Welcome to this 13th episode of the Dior Talks series ‘The Female Gaze’. With the term developed in response to the writings of feminist film theorist Laura Mulvey, this podcast series will explore how the work of the female photographers, directors and creatives collaborating with Dior offers a radically new and progressive image of women.
In this new episode, series host Charlotte Jansen, a British journalist and author, talks to Alina Marazzi, the Italian director commissioned by Creative Director of Women’s collections Maria Grazia Chiuri to create a short film to be unveiled before the Dior Spring-Summer 2021 show. Marazzi, who lives and works in Milan, has been an established name in the worlds of film and theatre direction for twenty years and is much respected for the focus on female subjectivity, motherhood and memory in her work. She has always been profoundly influenced by feminist theory, particularly – and coincidentally – by the work of Laura Mulvey.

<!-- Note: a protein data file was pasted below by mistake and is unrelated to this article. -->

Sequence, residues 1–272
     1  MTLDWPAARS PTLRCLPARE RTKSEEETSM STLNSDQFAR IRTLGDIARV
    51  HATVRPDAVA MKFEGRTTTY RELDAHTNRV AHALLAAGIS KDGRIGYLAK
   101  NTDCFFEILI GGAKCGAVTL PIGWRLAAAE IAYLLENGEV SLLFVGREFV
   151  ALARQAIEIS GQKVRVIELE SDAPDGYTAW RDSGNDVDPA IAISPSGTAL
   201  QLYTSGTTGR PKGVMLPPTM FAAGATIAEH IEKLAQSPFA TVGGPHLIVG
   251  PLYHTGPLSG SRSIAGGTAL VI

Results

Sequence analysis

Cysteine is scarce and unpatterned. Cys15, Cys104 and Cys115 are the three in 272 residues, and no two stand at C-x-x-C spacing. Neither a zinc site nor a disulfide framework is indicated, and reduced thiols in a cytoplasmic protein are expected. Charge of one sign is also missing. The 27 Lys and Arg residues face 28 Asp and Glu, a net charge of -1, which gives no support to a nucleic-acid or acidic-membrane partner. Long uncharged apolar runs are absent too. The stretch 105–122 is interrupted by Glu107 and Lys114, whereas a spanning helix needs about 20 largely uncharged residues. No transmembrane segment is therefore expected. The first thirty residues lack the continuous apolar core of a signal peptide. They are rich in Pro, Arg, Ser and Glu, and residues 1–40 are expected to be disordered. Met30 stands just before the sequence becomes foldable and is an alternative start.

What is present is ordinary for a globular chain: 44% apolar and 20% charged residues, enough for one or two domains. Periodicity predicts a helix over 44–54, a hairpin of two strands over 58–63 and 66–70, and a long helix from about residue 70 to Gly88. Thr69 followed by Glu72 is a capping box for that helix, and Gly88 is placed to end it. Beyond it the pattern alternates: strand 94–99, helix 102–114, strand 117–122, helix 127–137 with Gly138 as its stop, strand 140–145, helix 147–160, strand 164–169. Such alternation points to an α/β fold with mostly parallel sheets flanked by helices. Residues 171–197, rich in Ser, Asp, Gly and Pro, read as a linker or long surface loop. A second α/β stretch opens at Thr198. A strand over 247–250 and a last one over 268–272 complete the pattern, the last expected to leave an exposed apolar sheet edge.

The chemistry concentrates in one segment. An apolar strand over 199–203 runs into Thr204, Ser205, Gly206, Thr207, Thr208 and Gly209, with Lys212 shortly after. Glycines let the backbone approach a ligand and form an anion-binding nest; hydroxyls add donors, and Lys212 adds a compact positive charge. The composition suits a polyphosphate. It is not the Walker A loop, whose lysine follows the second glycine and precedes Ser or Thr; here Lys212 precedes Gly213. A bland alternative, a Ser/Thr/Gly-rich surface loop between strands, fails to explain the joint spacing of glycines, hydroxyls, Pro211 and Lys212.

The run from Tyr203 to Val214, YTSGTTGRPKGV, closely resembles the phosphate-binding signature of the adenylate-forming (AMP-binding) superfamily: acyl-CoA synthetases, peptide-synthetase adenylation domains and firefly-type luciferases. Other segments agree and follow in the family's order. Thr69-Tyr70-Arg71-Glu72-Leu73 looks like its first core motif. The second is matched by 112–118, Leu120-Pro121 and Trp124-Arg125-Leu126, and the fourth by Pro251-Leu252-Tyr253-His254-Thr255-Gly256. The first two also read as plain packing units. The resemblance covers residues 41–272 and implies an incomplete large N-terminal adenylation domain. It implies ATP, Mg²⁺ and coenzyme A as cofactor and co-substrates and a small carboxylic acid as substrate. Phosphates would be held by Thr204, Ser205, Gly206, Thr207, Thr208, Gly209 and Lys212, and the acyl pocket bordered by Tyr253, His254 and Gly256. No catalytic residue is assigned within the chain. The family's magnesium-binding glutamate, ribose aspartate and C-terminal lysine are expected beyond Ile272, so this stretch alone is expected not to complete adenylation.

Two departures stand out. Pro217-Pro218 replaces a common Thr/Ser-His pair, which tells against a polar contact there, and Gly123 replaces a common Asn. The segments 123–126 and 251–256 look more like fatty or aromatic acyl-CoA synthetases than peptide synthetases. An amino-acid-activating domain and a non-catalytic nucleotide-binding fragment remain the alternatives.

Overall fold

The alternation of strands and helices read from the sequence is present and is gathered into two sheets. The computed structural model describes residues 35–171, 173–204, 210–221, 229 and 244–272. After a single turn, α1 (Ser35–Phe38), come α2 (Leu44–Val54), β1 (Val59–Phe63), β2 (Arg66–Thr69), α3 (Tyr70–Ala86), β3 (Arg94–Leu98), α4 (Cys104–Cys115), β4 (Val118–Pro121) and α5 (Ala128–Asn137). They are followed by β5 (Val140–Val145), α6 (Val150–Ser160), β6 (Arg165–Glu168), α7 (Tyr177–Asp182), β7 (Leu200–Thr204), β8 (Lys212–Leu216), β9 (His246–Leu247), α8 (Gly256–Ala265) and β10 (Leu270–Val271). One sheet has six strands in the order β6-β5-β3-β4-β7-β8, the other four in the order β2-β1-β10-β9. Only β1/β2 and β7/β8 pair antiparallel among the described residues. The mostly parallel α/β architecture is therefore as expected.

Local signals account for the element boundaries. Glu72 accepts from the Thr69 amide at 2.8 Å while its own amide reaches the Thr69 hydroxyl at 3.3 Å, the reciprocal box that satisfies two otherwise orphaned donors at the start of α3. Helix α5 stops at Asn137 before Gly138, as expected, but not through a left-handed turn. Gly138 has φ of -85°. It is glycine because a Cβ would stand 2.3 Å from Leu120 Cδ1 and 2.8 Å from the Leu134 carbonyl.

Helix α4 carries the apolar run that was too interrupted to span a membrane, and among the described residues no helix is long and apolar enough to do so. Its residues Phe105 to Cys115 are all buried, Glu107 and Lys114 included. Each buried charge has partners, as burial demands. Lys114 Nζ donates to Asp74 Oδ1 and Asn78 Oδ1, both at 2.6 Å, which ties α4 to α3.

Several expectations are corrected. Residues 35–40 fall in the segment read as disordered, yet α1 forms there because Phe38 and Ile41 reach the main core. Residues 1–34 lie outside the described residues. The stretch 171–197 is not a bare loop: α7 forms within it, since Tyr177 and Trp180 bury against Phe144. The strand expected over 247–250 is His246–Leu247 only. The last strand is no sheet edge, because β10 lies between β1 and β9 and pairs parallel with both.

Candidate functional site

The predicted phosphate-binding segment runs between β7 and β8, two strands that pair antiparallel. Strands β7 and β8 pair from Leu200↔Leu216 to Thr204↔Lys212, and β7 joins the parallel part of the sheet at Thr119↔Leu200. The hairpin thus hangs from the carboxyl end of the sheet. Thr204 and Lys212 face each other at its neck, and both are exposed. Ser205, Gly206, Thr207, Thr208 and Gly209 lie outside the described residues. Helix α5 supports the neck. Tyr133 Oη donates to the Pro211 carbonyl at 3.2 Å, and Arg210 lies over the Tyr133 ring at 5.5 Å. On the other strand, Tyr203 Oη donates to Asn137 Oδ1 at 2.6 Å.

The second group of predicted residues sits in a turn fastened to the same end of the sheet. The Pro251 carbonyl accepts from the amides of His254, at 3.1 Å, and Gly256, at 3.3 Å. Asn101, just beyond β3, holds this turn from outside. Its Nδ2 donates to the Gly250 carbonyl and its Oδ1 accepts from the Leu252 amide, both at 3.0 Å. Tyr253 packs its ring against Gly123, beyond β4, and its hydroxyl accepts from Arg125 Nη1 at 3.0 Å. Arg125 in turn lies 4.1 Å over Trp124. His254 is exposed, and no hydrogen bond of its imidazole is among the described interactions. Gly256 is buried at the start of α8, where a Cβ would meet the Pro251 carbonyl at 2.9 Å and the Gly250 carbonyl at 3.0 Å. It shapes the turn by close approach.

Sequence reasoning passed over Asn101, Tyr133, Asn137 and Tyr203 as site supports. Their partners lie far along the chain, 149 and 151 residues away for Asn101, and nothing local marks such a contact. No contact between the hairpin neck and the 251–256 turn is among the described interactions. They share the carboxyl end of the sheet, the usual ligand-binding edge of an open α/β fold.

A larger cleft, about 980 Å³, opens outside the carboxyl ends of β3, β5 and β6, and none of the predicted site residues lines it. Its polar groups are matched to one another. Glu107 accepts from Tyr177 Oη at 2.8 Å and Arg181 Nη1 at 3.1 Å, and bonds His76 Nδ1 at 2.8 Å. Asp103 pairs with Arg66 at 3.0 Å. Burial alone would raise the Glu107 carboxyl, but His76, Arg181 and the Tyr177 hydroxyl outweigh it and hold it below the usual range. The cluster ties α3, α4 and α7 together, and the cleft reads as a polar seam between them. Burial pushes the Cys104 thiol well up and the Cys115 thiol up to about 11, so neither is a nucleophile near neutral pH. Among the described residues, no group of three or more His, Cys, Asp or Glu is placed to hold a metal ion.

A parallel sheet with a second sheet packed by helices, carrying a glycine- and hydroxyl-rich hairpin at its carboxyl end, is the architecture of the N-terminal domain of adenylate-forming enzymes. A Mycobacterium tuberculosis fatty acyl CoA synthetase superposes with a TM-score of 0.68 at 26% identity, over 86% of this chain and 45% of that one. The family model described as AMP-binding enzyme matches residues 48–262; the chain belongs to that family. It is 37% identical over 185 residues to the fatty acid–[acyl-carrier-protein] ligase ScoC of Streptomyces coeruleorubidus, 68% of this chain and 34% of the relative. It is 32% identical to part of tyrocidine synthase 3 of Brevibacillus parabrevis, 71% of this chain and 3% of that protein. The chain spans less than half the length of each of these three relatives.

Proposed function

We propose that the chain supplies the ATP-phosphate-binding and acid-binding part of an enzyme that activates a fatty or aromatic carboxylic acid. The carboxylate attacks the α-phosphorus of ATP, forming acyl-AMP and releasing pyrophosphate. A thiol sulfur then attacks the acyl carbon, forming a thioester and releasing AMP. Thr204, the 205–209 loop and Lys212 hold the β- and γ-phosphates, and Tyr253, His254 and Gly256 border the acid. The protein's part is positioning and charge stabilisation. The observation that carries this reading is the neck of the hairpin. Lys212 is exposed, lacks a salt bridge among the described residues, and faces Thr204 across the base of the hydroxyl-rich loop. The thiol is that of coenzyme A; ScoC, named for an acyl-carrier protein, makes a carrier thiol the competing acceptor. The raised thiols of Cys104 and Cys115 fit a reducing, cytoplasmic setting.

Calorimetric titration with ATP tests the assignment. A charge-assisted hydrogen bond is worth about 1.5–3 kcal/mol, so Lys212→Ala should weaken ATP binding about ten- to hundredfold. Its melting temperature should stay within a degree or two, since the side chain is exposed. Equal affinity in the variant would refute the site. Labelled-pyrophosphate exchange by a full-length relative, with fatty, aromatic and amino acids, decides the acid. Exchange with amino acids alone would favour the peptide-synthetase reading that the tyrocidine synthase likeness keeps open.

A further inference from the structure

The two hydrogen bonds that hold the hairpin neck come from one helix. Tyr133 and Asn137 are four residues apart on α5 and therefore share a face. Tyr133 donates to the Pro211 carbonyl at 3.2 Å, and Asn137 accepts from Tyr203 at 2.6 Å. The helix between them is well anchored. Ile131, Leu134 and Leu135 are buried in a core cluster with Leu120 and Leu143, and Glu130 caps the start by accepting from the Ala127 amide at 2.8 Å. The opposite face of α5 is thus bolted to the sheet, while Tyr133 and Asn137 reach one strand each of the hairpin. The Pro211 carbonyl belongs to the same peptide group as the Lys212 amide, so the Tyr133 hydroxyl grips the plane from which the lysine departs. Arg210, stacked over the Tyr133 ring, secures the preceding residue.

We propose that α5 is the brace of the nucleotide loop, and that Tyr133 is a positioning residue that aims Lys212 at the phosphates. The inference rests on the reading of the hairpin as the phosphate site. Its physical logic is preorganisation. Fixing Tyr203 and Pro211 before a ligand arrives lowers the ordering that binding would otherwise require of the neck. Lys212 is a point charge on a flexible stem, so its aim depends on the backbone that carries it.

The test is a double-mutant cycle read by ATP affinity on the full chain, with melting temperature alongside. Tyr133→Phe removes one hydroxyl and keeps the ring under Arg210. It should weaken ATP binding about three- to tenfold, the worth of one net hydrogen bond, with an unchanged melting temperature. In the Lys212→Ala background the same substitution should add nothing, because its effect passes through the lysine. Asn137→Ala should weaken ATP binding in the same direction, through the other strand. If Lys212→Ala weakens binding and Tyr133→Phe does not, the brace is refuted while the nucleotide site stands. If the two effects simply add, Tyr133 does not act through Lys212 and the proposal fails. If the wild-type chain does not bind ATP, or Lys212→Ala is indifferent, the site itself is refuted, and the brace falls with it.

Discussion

Alina Marazzi was born in Milan in 1964. She lost her mother, the writer Luisa Marazzi Hoepli, in 1972 and this trauma informed Marazzi’s work later in life. She studied film in London in the 1980s, focusing on documentary and experimental film. Her first feature, ‘Un'ora sola ti vorrei’ (‘For One More Hour with You’), about her mother’s life, was released in 2002, and since then she has released numerous further films, both documentary and fictional, as well as directing theater and contemporary opera productions. She has won various international awards for her work and her films have been screened widely, from BBC4 in the UK to the Locarno Film Festival in Switzerland. In 2014, she was a visiting lecturer at Warwick University, and she is guest lecturer at the Nuova Accademia di Belle Arti in Milan.
Here, Charlotte Jansen and Alina Marazzi discuss the phone call she received from Maria Grazia Chiuri, inviting her to create the short film for the Spring-Summer 2021 show, and the access the project gave her to the archives of the iconic feminist artist Lucia Marcucci, who has been a great inspiration both to her and to Maria Grazia Chiuri. The film creates a tableau vivant of Marcucci’s groundbreaking legacy and acts as a moving intellectual basis for the collection, as it were one of the pillars of the collection’s conceptual manifesto. Marazzi discusses the foundational ideas of her films, the thinkers and critics who have helped to crystalize her own message. She contemplates the striking similarities and crossovers between her own and the Creative Director’s working methods and the meeting of minds they experienced, which formed the basis of this beautiful short.